CABAZON, Calif. – The boxers who will fight on a terrific doubleheader on ShoBox: The New Generation tomorrow/Friday, Feb. 22, live on SHOWTIME® (11 p.m. ET/PT, delayed on the West Coast) made weight on their first attempts Thursday at Morongo Casino Resort.
Main eventers Art “Lionheart” Hovhannisyan (15-0-2, 8 KOs), of Glendale, Calif., and Alejandro “El Alacran” Perez (16-3-1, 11 KOs), of Salinas, Calif., each tipped the scale at 130 pounds.
In an eight-round collision of unbeatens in the co-feature that opens the telecast, Tureano “Reno” Johnson (13-0, 10 KOs), who represented the Bahamas in the 2008 Olympic Games, faces Willie Fortune (15-0, 7 KOs), of Detroit, Mich., in a middleweight match. Johnson weighed 159 pounds, Fortune 157.
Tickets for the Gary Shaw Productions event are priced $35 and $55 and are on sale at the Morongo Casino Box Office or by calling the Box Office hotline at (951) 755-5391. They are also available by calling Ticketmaster (800) 745-3000 or online at ticketmaster.com. Doors open on fight night at 5 p.m. The first fight starts at 5:30 p.m. The Morongo Casino Resort and Spa is located at 49500 Seminole Dr. in Cabazon, 92230.
Barry Tompkins will call the action from ringside with Steve Farhood and former World Champion Raul Marquez serving as expert analysts. The executive producer is Gordon Hall with Richard Gaughan producing and Rick Phillips directing.
What the fighters said Thursday:
“We’ve sparred a lot, we know each other well and we’re friends. But business is business and once the bell sounds, the fight is on. I know what Alejandro is capable of so there’s no way I underestimate him. He’s going to give it everything he has. So am I. I expect him to come right at me and try and outhustle me
“I want to fight for a world title this year, and it doesn’t matter which champion I fight. Alejandro has fought some good guys like Diego Magdaleno and Rico Ramos, so this fight should show me where I’m at. This is obviously a very important fight for me.
“I thought going 10 hard rounds in my last fight (against former world champion Miguel Acosta) was good for me. He was a strong, tough guy. I felt in order to win I had to pick it up in the last two or three rounds, which I did. I’m hoping to be very active this year.’’
“There’s no way this won’t be an all-action fight. We both come to fight, and there’s a lot on the line.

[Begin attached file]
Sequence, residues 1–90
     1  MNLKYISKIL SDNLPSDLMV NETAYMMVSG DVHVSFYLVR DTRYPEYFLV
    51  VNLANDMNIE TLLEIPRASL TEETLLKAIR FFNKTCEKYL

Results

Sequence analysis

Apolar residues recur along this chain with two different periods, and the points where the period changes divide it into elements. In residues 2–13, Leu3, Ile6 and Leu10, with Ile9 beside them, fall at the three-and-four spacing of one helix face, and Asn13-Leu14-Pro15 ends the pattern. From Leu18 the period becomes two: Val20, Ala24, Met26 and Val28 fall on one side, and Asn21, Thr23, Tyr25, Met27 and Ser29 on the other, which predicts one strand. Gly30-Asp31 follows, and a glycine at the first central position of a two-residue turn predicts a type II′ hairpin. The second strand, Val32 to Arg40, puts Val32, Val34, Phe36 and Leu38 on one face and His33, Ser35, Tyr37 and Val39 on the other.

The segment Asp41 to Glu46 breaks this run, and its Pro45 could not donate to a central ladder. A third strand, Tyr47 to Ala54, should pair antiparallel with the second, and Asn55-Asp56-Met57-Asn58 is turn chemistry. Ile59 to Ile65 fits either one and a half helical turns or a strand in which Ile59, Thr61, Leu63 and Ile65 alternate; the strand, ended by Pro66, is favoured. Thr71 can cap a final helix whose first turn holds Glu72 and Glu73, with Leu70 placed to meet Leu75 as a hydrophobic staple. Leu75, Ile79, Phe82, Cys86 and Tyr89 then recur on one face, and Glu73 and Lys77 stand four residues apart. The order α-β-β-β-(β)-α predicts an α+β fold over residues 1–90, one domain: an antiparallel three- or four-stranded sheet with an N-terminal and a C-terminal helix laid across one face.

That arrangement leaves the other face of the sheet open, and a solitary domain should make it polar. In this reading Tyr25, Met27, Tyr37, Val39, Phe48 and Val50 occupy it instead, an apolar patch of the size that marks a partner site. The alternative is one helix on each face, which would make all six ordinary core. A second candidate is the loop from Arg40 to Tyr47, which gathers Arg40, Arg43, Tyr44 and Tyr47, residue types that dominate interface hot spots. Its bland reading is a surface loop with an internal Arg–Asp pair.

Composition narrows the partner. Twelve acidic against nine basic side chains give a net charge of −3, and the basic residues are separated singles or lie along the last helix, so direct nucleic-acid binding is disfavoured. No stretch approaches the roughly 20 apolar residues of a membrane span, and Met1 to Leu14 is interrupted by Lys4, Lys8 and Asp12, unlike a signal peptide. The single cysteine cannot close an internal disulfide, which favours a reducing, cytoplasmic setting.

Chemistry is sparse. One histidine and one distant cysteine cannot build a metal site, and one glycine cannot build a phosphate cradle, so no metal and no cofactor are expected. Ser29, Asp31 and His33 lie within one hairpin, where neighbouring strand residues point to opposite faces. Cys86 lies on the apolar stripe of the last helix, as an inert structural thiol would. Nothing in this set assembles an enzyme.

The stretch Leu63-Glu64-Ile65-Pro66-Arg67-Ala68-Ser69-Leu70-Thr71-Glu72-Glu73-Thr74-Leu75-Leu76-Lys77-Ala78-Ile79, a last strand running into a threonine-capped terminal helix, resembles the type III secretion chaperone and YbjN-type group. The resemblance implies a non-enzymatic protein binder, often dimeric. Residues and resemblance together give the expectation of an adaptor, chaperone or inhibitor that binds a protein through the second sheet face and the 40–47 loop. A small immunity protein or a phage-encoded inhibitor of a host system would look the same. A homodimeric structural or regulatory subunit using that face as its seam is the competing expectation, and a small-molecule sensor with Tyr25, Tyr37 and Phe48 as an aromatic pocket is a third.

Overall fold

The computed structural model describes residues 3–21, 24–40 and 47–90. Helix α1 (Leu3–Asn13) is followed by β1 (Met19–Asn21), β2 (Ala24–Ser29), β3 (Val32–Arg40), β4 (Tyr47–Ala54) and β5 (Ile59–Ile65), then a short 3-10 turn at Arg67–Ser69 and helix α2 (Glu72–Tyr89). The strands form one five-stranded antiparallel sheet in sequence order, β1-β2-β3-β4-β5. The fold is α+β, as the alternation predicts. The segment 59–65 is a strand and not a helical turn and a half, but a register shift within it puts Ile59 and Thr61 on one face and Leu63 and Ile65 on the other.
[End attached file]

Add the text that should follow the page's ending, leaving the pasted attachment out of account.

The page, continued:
“I’ve always been patient between fights looking for the right opportunity, and I never quit training or stayed out of the gym. So even though this is my first fight in a year, I’m in great shape and ready to go. My training camp was excellent. This is a great opportunity for me.
“I feel I’ve grown into a strong 130-pounder. My dieting and conditioning is different so making the weight is no problem and I feel stronger.
“When we sparred we both got in our fair share of good shots. I feel I know what to expect from Art. Art isn’t just a puncher, he can box. But for sure he comes to fight. My job is to try and stay a couple steps ahead of him. I’ve got some new stuff I’m bringing into this fight so I’m well-prepared.’’
“There’s been only one world champion from the Bahamas, Olisha Obed (former WBC 154-pound titlist). I want to be the next. I’m going to be the greatest champion of all time.
“My last two fights were at 168, but I have no trouble making 160 pounds. I just took those fights to see how my power was affected at the higher weights. But I feel my immediate future is fighting middleweight, or maybe even at 154.
“When I heard I had the opportunity to fight Forture, I jumped at the chance. Honestly, I can’t believe they took the fight. But it’s here and I’m treating it as the most important fight of my career.
“I feel I should have already fought for a world title. I was very discouraged when I had the long layoff (July 2010 to January 2012), but I fought nine times last year and I enjoyed all nine fights. I’m back on track to get to where I want to be.
“Sometimes I feel pity for the guys in the ring I hit. But I’m not just a power guy and I hope to show I can be a more complete fighter. I know what I can do, but I want to show the world. I want to be the best.’’
“This guy talks a lot. I’m from Detroit, so I just show and take care of business. I let my fists do the talking. The key to this fight, and all fights, is to hit and not be hit, to make him miss and then make him pay for his mistakes.
“I love the fact I’m fighting on SHOWTIME. This is the network that features the next generation of top fighters, the next crop of rising stars. I’m confident I can take advantage of this huge opportunity.”